Rescuers rush to Turkey and Syria after quake that kills 4,000
ADANA, Turkey (AP) – Rescuers in war-ravaged Turkey and Syria searched the freezing night Tuesday, hoping to pull more survivors from the rubble after a 7.8 magnitude earthquake struck. killed over 4,000 people and toppled thousands of buildings across a wide area.
Authorities feared the death toll from Monday’s pre-dawn quake and aftershocks would continue to rise as rescuers searched for survivors among the tangles of metal and concrete spread across the war-torn region. 12-year civilian life in Syria and the refugee crisis.
Survivors screamed for help amid mountains of debris as first responders faced rain and snow. Seismic activity continued to shake the area, including another tremor nearly as powerful as the initial quake. Workers carefully removed concrete slabs and grabbed bodies as desperate families awaited news of loved ones.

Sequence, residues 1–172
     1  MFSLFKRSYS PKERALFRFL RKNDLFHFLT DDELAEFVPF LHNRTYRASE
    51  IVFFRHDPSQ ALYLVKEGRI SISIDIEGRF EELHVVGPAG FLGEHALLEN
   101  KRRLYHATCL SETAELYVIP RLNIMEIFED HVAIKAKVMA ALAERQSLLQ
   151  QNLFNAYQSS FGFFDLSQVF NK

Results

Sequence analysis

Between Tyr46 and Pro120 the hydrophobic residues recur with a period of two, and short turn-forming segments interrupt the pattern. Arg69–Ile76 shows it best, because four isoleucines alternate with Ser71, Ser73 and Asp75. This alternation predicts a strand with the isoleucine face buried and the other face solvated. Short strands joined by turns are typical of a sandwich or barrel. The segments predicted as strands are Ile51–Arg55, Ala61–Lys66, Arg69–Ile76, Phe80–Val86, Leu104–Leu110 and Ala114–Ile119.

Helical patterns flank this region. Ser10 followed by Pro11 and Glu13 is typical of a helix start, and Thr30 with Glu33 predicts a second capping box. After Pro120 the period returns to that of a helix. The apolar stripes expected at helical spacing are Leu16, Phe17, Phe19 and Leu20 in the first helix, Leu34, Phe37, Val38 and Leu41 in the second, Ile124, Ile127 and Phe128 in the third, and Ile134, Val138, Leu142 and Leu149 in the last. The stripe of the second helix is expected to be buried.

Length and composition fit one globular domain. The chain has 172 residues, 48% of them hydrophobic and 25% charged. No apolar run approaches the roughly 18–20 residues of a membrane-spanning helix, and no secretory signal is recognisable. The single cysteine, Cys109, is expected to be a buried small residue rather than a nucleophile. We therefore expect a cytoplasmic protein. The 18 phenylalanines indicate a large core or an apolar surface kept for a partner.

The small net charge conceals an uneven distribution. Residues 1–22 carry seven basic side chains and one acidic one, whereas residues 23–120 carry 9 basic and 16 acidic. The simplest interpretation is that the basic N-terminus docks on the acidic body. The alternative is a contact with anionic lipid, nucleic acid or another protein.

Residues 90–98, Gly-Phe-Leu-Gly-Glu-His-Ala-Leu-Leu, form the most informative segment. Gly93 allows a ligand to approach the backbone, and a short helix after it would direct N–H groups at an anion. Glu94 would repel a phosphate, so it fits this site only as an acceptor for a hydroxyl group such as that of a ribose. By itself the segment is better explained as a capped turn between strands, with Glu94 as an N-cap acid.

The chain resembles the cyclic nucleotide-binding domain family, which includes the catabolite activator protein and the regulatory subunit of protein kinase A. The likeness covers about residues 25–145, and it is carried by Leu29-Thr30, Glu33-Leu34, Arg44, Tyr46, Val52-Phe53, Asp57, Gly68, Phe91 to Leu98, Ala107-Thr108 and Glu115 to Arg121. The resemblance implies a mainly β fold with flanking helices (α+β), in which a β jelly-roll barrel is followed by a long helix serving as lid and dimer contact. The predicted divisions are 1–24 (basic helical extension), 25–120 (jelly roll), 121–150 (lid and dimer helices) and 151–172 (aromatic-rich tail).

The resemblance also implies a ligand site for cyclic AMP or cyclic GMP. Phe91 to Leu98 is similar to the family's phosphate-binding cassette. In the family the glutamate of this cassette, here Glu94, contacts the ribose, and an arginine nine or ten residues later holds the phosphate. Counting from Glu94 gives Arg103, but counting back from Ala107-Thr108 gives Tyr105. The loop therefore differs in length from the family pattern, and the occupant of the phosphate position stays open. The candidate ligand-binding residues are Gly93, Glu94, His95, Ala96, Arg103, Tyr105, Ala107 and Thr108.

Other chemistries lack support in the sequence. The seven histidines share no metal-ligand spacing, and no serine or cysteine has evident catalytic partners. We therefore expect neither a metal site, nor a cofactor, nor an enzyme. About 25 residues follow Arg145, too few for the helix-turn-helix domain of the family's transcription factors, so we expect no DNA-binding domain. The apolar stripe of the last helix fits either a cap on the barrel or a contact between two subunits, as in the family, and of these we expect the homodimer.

“My grandson is 1 and a half years old. Please help them, please. … They were on the 12th floor,” Imran Bahur cried outside his destroyed building in the Turkish city of Adana on Monday.
Tens of thousands of homeless people in Turkey and Syria had to spend a night in the cold. In the Turkish city of Gaziantep, a provincial capital about 33 kilometers (20 miles) from the epicentre, people have taken refuge in shopping malls, stadiums, mosques and community centers. Turkish President Recep Tayyip Erdogan has declared seven days of national mourning.
US President Joe Biden called Erdogan to express his condolences and offer help to the NATO ally. The White House said it was sending search and rescue teams to support Turkey’s efforts.
The earthquake, which was centered in Kahramanmaras province in southeastern Turkey, sent residents of Damascus and Beirut rushing to the streets and was felt as far away as Cairo.